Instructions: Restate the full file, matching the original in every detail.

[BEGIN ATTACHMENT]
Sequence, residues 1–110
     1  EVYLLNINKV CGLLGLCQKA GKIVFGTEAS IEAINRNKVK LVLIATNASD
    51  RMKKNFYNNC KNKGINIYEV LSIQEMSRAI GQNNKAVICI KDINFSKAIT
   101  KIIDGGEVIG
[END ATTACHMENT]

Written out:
Sequence, residues 1–110
     1  EVYLLNINKV CGLLGLCQKA GKIVFGTEAS IEAINRNKVK LVLIATNASD
    51  RMKKNFYNNC KNKGINIYEV LSIQEMSRAI GQNNKAVICI KDINFSKAIT
   101  KIIDGGEVIG